What is the Northern Ireland Protocol? Who is her boyfriend? How tall is she? Why did she leave Love Island? This is me attempting some search engine optimisation for Deputy Political Editor David Bond’s actually very useful explainer.
The Prime Minister has been on somewhat of a journey on this, initially claiming he’d secured a magnificent Brexit deal that would entail no border in the Irish Sea and “no checks for stuff being exported from NI to GB.” This proved not to be true, as set out in the Protocol itself.
So this afternoon, a Bill to enable the UK Government to unilaterally amend the NI Protocol is being introduced to Parliament. Northern Ireland Secretary Brandon Lewis insists the legislation is “lawful and correct”. In terms of the line to take, this is an improvement on the time in 2019 he told the House of Commons that government policy would break international law in a “very specific and limited way”. But is it true?
Well, the Financial Times’ Peter Foster says this legislation is in fact more wide-ranging than the Internal Market Bill 2020 to which Lewis was referring. Moreover, eyebrows were raised when Sir James Eadie QC, the first Treasury counsel who represents the government in court, was not even asked to give his legal opinion on the matter. This is highly unusual.
Notwithstanding the economic implications - which are large and multifold - there is an unbelievable amount of politics going on here.
The first is of the Tory garden variety. Johnson, weakened by partygate, poll numbers and last week’s pyrrhic vote of confidence victory, is now caught between the hardline European Research Group and the DUP (remind him of anybody?) Note: that link makes the gag so please click.
There’s the politics of Northern Ireland itself, where there exists majority support for the Protocol in the Assembly but not within unionism. Reports suggest the Government wants the DUP to join an Executive after the Bill passes the Commons but before its gets through the Lords, where the Government has no majority and peers are likely to take a dim view of legislation that may break international law and did not appear in the Conservative Party’s 2019 manifesto.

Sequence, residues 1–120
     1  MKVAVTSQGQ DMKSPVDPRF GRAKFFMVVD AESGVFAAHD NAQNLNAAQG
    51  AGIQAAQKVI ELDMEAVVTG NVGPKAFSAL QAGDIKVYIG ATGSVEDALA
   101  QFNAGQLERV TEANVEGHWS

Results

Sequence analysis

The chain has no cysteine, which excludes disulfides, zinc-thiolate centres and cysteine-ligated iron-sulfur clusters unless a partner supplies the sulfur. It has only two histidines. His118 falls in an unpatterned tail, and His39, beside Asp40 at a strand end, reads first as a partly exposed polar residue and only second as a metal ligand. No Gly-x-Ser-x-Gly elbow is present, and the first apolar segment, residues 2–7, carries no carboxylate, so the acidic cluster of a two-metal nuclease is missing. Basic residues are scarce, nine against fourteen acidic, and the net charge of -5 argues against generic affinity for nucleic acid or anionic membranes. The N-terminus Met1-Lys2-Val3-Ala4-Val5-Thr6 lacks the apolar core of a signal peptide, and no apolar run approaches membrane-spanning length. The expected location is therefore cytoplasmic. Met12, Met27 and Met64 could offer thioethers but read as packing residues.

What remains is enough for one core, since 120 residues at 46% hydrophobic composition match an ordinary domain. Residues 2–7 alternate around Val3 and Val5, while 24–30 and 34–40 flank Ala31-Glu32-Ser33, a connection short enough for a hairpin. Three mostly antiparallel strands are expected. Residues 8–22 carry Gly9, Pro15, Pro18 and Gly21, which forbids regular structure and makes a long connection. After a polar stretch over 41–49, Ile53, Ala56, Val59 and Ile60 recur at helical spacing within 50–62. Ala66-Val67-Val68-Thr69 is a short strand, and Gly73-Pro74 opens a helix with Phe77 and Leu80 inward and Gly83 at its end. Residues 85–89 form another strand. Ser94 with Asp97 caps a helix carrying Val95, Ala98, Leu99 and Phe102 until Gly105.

Then the politics take more of an international flavour. The United States is not a co-guarantor of the Good Friday Agreement, but it sure takes a keen interest – see this punchy statement by House Speaker Nancy Pelosi. Meanwhile, Ireland’s foreign minister Simon Coveny called the Bill a “low point” in the UK’s approach to Brexit.
Today’s legislation represents an extraordinary high-wire act by the Government. No one is suggesting the Protocol does not need amending. The absence of a functioning Northern Ireland Executive alone is reason to act. But it requires good faith negotiations. This Bill doesn’t really fix anything.
The DUP has already said its introduction alone won’t get it back into Stormont. It will rile pretty much all of our allies, over the Irish Sea, English Channel and Atlantic. And may sink our already listing economy.
Brexit doesn’t necessarily mean the UK is always wrong and the EU right. But here’s the thing. Having left the bloc, the UK finds itself suddenly situated next to a much larger and more powerful neighbour.
That’s fine, of course. Many countries have historically had to manage/shrug off the sleights from next door (see Mexico, Canada and, erm... Ireland). Problem is, as a nation we are yet to recognise our new position in the food chain and adjust accordingly. The sooner we do, the better for everyone involved.
In the comment pages, Home Affairs Editor Martin Bentham says the Rwanda deportation policy is horrifying, but that’s the plan. While Rob Rinder reveals that getting rejected by Oxbridge was the best thing that ever happened to him.
And finally, let’s face it. It was always Paul. As McCartney prepares to turn 80, David Smyth looks at his extraordinary career at the top of pop. As a Monday treat, grab a brew and watch this video where McCartney breaks down his most iconic songs.
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